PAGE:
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Clayton BOE to amend Heatley's contract

The Clayton County Board of Education is scheduled to amend the employment contract of Superintendent Edmond Heatley on Monday night, but officials are keeping mum on what the amendment(s) will be.

Heatley received a three-year contract, with an annual base salary of $250,000, in May 2009, but only after a close, 5-4 vote, by school board members.

The board conducted a one-year job performance review of Heatley this past summer, and Chairperson Alieka Anderson said this is part of that review process.

Heatley is not leaving the district, she said. Discussions on how his contract should be amended, however, will take place behind closed doors, in an executive session, at the school board's monthly work session, she added.

"He'll meet with us to discuss specifics that he wants, and then, we'll make the recommendation coming out of executive session," Anderson said. "Since it is a personnel issue, I'm going to wait until afterwards to discuss it. I don't want to violate anything."

The board's work session is scheduled to begin Monday, at 6 p.m., at the Clayton County Public Schools Central Administration Complex, which is located at 1058 Fifth Ave., in Jonesboro. The school board is scheduled to vote on approving any amendments to Heatley's contract during the meeting.

Heatley could not be reached for comment on Friday. He is expected to unveil a new 90-day plan for the district on Monday, however.

Early in his tenure in the district, Heatley worked to make inroads with Clayton County parents, by holding a series of community forums in which he answered questions about the school system. Shortly thereafter, the district scored a success with the overwhelming voter approval of Special Purpose Local Option Sales Tax (SPLOST) IV, in September 2009.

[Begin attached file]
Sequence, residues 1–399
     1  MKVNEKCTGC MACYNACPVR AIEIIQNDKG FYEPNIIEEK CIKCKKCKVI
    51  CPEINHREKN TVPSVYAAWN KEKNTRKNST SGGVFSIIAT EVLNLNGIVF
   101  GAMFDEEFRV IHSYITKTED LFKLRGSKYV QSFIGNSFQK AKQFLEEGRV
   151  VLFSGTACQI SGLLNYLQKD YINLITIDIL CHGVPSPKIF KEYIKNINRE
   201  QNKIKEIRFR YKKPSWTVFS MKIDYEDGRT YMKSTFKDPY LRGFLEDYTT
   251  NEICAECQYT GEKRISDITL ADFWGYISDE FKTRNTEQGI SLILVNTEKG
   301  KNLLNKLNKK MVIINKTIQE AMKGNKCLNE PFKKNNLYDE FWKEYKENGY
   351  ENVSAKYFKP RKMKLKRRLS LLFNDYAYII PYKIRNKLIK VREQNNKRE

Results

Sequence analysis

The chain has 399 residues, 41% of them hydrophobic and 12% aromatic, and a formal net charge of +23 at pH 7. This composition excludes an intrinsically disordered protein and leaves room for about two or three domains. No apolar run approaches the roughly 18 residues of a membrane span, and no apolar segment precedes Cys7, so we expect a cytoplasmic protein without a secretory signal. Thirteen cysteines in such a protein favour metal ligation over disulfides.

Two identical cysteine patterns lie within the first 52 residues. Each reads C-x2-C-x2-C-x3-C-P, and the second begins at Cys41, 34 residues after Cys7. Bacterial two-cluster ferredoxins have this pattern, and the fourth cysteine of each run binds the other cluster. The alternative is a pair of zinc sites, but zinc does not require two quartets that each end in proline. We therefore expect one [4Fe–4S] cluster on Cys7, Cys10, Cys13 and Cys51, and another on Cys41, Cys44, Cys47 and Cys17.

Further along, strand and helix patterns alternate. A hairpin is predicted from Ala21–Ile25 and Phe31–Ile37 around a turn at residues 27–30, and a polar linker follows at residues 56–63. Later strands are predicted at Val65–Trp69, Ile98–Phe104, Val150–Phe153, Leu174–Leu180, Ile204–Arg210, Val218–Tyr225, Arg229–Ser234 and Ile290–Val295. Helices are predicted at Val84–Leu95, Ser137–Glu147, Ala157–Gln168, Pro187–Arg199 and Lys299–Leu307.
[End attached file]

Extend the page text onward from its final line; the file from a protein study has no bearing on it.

As his first year rolled on, however, the school system became bogged down in arguments over some of the superintendent's proposed budget cuts. Some of those cuts were extremely controversial and included: Eliminating transportation to charter schools and similar special programs; eliminating kindergarten and media center paraprofessional positions; and taking away health benefits for part-time employees, including school bus drivers.

At the same time, he ended up backing off of a proposal to spend $1 million, over three years, to implement a paperless technology system — when the school board already had a similar system that it hardly ever used.

More recently, in year two of his contract, the superintendent has faced new fights on the district's decision to begin enforcing a nearly 30-year-old school board policy that prevents the school system from providing transportation to students who live within a mile and a half of the schools they attend.

Nearly 4,600 students were affected by the decision, which was not announced until a few days before the 2010-2011 school year began.

Other items on the school board's work session agenda for Monday, include: Hearing a charter recommendation for the Unidos Dual Language Charter School; a lease agreement between the school system and T-Mobile South, LLC, for wireless communications network facilities; WORKTEC contracts with the Atlanta Regional Commission, and reviews of policies dealing with relationships with other agencies.